Imitation Firearm Attorney in Elizabeth, New Jersey
New Jersey has firearm laws which regulate machine guns, rifles, BB-guns and even imitation guns. That is not to say that you can get arrested for just owning a toy cap gun. However, it is a crime to possess an imitation weapon for an unlawful purpose in order to make other people think it is a real firearm. A common example of this would be to use a realistic looking toy gun to rob a bank. The act of using the fake firearm is a fourth degree felony punishable by up to 18 months in state prison, while obviously the act of Robbery would a separate crime in addition. Like all weapon related crimes, offenses involving imitation firearms are complicated and often require the skills of an experienced litigation attorney. The firm’s founding attorney, Will Proetta has successfully represented clients against thousands of crimes and offenses including various weapon crimes. Proetta & Oliver defends individuals throughout New Jersey including Union County, Hudson County, Middlesex County, and Monmouth County. If you would like to speak with an attorney concerning the details of your case contact us at (908) 838-0150 for a free initial consultation.
Possession of an Imitation Gun with an Unlawful Purpose
An “imitation firearm” is defined broadly to mean an object or device reasonably capable of being mistaken for a firearm.
Under 2C:39-4(e), any person who has in his possession an imitation firearm under circumstances that would lead an observer to reasonably believe that it is possessed for an unlawful purpose is guilty of a crime of the fourth degree. This subsection was added to prevent the total escape from punishment of those weapons that fail to meet the definition of a “firearm” and may also fail to meet the definition of a “weapon” altogether. On its face, the section seems quite broad, possibly making it a fourth degree for anyone carrying a toy gun on a dark street or through a rough neighborhood. However, the implied culpability element of knowledge serves to help narrow it a little. This is because the defendant must be found to know that an observer would reasonably believe that the object was a firearm, basically meaning that he/she intends to show the object for its threat value. Moreover, it is a separate charge of disorderly persons offense under 2C:39:5(e)(3) to possess any imitation firearm in or upon any part of the buildings or grounds or any school, college, university or other educational institution, without written authorization of the institution, or while on a school bus.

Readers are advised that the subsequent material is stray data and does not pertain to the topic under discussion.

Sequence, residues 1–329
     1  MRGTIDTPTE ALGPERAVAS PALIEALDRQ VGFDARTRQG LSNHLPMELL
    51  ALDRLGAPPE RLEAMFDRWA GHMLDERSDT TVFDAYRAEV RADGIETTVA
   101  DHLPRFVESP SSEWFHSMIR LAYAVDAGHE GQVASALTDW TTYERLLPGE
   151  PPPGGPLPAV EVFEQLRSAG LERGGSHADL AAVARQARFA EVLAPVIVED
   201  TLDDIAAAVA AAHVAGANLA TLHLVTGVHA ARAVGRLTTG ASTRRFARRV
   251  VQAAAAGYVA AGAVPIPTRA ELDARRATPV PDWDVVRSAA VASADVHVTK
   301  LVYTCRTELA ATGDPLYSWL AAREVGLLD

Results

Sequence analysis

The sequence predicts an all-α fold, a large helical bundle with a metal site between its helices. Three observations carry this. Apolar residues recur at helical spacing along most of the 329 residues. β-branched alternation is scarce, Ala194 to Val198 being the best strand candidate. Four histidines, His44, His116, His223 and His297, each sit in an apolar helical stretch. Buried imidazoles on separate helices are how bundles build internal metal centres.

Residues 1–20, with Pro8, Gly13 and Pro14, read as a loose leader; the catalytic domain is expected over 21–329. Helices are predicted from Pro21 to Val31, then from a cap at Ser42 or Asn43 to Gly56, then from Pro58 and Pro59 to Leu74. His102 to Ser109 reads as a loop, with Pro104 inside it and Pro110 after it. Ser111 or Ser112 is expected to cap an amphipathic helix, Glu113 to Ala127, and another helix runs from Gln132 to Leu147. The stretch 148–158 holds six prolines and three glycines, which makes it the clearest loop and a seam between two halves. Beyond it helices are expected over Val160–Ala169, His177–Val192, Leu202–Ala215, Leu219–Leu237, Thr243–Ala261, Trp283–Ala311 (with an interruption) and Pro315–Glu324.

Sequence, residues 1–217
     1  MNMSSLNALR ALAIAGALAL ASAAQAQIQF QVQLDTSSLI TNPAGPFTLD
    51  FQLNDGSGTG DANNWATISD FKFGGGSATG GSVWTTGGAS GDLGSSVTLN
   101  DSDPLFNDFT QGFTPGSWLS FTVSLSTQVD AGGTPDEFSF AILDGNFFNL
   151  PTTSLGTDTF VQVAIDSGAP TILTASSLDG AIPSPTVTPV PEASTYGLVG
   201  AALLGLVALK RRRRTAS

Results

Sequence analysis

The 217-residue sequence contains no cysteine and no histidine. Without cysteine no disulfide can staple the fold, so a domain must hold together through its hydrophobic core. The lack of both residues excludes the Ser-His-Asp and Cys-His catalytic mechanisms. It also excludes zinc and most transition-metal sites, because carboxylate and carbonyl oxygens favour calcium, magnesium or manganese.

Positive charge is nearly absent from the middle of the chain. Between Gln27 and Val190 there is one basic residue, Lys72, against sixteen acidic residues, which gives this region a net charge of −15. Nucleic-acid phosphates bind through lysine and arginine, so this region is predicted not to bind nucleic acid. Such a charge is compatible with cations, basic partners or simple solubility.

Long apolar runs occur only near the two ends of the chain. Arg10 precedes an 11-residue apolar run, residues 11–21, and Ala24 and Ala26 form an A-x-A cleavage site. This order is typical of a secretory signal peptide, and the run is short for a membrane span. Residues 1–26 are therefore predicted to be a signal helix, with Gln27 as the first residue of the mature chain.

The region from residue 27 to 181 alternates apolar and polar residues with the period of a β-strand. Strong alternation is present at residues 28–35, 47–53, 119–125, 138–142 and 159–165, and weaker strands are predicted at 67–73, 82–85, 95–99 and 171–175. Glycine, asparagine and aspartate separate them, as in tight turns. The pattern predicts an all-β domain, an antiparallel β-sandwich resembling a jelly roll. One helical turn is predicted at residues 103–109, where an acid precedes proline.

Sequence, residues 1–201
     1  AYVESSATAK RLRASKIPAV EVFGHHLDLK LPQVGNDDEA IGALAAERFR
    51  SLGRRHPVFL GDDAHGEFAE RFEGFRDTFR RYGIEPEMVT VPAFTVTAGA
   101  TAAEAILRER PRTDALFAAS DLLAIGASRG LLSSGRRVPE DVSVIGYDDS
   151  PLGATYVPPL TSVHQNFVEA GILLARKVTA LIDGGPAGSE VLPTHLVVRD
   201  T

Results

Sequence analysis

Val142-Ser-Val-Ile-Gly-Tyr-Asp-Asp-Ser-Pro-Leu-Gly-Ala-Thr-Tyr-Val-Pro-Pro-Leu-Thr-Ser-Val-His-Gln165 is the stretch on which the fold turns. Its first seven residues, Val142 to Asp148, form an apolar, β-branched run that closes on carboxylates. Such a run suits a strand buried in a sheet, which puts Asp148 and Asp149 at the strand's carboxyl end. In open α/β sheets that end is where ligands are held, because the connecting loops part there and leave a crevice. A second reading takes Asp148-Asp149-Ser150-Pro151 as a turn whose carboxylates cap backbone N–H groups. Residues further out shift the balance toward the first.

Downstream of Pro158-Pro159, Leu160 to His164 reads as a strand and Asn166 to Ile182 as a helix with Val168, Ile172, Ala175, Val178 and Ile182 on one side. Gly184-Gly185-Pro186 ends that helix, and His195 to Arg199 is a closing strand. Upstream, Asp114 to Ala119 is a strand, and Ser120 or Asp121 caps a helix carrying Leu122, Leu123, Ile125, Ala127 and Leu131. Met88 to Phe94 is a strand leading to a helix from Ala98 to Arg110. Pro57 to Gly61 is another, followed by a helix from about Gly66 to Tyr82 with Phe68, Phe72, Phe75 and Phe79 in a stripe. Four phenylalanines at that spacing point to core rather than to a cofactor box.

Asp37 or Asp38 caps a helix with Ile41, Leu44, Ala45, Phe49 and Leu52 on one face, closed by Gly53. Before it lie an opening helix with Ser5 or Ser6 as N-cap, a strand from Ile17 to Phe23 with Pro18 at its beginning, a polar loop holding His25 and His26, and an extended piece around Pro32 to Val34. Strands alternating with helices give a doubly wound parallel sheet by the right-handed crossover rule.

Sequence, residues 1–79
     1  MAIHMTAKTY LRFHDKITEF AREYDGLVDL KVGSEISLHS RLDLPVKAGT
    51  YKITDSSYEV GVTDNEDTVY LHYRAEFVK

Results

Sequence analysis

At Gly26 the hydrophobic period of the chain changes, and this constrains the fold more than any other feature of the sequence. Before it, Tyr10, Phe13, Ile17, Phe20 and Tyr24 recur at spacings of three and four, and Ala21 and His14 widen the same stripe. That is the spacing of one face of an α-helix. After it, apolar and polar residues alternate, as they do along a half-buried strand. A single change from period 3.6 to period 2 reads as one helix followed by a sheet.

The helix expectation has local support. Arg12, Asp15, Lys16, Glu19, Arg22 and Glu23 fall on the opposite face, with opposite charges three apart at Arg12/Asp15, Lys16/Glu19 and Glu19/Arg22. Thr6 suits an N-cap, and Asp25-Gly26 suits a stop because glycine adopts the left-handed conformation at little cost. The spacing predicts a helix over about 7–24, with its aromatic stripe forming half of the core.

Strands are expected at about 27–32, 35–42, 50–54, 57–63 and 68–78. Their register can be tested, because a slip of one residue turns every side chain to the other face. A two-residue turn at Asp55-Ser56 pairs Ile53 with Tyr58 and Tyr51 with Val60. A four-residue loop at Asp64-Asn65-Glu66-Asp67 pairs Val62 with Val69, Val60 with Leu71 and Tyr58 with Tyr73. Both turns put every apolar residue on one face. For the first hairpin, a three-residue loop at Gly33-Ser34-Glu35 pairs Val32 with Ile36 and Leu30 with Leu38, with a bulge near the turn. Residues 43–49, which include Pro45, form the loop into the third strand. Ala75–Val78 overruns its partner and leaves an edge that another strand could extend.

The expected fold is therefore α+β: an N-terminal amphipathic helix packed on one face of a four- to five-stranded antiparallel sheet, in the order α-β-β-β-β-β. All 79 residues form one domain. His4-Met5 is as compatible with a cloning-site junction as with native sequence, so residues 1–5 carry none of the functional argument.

Elements of an Imitation Firearm Crime
In order to be found guilty of possessing an imitation gun for an unlawful purpose, the state must prove several elements. First, the state must show that the object is in fact an imitation firearm. Secondly, the state must exhibit that this was a knowing possession by the defendant. Next, it must be proved that defendant possessed it under circumstances which would lead an observer to reasonably believe that the defendant possessed it for an unlawful purpose. Last, and most importantly, the state must show that defendant knew that an observer would reasonably believe that it was a firearm possessed for an unlawful purpose.
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